Objectives: The aim of this study was to evaluate the efficacy and safety of lispro insulin for the treatment of feline diabetic ketoacidosis (DKA). Times to resolution of hyperglycaemia, ketosis and acidosis were compared between cats treated with continuous rate infusion (CRI) of lispro insulin and cats treated with CRI of regular insulin. Methods: Client-owned cats with naturally occurring DKA, newly diagnosed with diabetes mellitus (DM) or already receiving treatment for DM, were included. Diagnosis of DKA involved the presence of at least two clinical signs consistent with DKA (eg, polyuria/polydipsia, anorexia, severe lethargy, vomiting and dehydration), blood glucose (BG) concentration >13.9 mmol/l (>250 mg/dl), blood beta hydroxybutyrate (BHB) concentration >2.5 mmol/l and venous pH <7.3 or bicarbonate <15 mEq/l. Cats were treated with a standard protocol of an intravenous (IV) CRI of regular insulin (group R) or lispro insulin (group L). The time to resolution of DKA was defined as the time interval from when the IV CRI of insulin began until marked hyperglycaemia (BG >13.9 mmol/l [>250 mg/dl]), ketosis (BHB concentration >1 mmol/l) and acidosis (venous pH <7.3 and/or bicarbonate <15 mEq/l) resolved. Results: Eighteen DKA cases (nine per group) were enrolled into the study. There were no significant differences in the median time to resolution of three variables (hyperglycaemia, ketosis and acidosis) between the two groups. Two cats in group R developed hypoglycaemia during the CRI of insulin. One cat in group L and three cats in group R developed hypophosphataemia, which required phosphate supplementation. Conclusions and relevance: IV CRI of lispro insulin has few side effects and appears to be as effective as IV CRI of regular insulin in the treatment of cats with DKA.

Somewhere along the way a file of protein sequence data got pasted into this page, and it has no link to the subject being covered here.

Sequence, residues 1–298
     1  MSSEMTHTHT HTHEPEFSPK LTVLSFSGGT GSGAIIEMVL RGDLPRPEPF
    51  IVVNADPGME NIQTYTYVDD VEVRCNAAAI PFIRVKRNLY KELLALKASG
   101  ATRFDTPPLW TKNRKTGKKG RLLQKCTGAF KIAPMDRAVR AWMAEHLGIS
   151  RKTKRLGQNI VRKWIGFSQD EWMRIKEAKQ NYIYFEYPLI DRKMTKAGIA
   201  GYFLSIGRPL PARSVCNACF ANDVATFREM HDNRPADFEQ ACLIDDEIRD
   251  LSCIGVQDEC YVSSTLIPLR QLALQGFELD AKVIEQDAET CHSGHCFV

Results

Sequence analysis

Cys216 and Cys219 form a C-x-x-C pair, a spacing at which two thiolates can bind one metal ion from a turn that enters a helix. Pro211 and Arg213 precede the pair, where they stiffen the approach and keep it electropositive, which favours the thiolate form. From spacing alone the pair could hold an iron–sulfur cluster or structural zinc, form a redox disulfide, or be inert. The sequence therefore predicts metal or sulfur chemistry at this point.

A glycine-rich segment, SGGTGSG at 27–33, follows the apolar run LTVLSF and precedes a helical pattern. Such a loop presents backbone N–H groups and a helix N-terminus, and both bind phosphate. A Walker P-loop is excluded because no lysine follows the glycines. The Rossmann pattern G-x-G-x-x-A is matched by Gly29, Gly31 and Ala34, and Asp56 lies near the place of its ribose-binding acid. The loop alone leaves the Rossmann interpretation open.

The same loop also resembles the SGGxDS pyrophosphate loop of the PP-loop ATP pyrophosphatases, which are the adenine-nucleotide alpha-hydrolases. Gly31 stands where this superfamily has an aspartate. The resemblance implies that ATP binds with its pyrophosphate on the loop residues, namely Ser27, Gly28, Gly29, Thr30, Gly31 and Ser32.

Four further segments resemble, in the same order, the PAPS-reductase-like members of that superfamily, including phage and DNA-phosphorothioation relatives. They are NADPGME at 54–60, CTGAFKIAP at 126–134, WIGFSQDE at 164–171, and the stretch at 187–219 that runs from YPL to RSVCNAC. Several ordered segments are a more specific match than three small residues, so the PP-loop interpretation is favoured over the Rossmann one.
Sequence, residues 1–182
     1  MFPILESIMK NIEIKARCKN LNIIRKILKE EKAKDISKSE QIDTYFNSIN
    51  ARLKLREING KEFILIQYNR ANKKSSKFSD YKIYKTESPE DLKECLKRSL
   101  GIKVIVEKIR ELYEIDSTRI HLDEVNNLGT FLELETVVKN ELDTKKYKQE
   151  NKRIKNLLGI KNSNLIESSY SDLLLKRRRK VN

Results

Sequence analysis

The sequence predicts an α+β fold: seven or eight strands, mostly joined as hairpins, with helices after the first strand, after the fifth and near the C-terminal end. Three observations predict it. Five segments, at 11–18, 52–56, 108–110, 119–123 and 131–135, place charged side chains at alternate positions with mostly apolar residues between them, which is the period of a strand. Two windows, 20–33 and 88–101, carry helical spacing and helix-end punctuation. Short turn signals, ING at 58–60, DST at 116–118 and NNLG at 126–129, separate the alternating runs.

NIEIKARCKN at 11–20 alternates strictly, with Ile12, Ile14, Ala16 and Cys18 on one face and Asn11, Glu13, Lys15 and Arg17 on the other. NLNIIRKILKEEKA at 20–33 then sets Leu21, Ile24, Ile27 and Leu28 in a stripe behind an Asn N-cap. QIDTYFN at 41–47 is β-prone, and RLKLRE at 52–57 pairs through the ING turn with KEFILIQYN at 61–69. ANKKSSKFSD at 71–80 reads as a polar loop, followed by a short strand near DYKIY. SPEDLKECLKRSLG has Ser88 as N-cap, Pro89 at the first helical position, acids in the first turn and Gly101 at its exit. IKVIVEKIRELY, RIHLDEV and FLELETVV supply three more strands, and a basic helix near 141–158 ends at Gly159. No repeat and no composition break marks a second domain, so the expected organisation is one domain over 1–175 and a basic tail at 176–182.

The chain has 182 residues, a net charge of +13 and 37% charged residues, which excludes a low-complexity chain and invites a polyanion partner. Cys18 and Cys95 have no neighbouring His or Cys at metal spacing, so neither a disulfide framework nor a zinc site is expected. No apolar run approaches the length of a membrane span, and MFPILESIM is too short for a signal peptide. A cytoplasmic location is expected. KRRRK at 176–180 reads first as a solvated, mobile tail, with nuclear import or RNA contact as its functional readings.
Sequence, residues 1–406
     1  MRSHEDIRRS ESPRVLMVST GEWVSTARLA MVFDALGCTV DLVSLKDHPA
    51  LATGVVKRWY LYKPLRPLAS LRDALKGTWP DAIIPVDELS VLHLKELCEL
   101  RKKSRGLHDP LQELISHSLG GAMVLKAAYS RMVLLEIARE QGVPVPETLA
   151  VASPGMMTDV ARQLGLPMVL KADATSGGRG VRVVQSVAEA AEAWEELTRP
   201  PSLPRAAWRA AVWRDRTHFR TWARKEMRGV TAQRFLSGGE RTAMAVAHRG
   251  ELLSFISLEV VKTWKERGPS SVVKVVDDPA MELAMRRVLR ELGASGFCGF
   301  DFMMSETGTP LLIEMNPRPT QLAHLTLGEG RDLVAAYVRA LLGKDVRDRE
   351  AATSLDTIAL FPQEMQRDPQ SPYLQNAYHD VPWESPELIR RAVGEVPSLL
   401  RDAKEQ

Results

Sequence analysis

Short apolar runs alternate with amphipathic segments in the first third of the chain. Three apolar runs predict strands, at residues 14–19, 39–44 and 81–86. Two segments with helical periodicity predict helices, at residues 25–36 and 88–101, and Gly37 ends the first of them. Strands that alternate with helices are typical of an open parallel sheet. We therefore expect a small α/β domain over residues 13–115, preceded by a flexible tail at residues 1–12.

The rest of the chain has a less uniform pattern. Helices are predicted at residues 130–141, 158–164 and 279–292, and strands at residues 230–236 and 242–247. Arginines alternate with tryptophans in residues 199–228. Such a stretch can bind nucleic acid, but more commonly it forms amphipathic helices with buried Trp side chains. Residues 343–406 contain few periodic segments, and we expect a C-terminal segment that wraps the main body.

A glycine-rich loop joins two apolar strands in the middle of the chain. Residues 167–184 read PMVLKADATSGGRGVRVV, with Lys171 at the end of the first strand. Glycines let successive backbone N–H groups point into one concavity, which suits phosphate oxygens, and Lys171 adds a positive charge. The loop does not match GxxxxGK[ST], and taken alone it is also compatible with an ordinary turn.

Use of lispro insulin for treatment of diabetic ketoacidosis in cats

Malerba, Eleonora;MAZZARINO, MICHELA;Del Baldo, Francesca;Corradini, Sara;Carotenuto, Gaia;Giunti, Massimo;Fracassi, Federico
2019

Abstract

Objectives: The aim of this study was to evaluate the efficacy and safety of lispro insulin for the treatment of feline diabetic ketoacidosis (DKA). Times to resolution of hyperglycaemia, ketosis and acidosis were compared between cats treated with continuous rate infusion (CRI) of lispro insulin and cats treated with CRI of regular insulin. Methods: Client-owned cats with naturally occurring DKA, newly diagnosed with diabetes mellitus (DM) or already receiving treatment for DM, were included. Diagnosis of DKA involved the presence of at least two clinical signs consistent with DKA (eg, polyuria/polydipsia, anorexia, severe lethargy, vomiting and dehydration), blood glucose (BG) concentration >13.9 mmol/l (>250 mg/dl), blood beta hydroxybutyrate (BHB) concentration >2.5 mmol/l and venous pH <7.3 or bicarbonate <15 mEq/l. Cats were treated with a standard protocol of an intravenous (IV) CRI of regular insulin (group R) or lispro insulin (group L). The time to resolution of DKA was defined as the time interval from when the IV CRI of insulin began until marked hyperglycaemia (BG >13.9 mmol/l [>250 mg/dl]), ketosis (BHB concentration >1 mmol/l) and acidosis (venous pH <7.3 and/or bicarbonate <15 mEq/l) resolved. Results: Eighteen DKA cases (nine per group) were enrolled into the study. There were no significant differences in the median time to resolution of three variables (hyperglycaemia, ketosis and acidosis) between the two groups. Two cats in group R developed hypoglycaemia during the CRI of insulin. One cat in group L and three cats in group R developed hypophosphataemia, which required phosphate supplementation. Conclusions and relevance: IV CRI of lispro insulin has few side effects and appears to be as effective as IV CRI of regular insulin in the treatment of cats with DKA.
Malerba, Eleonora; Mazzarino, Michela; Del Baldo, Francesca; Corradini, Sara; Carotenuto, Gaia; Giunti, Massimo; Fracassi, Federico*
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Utilizza questo identificativo per citare o creare un link a questo documento: http://hdl.handle.net/11585/640847
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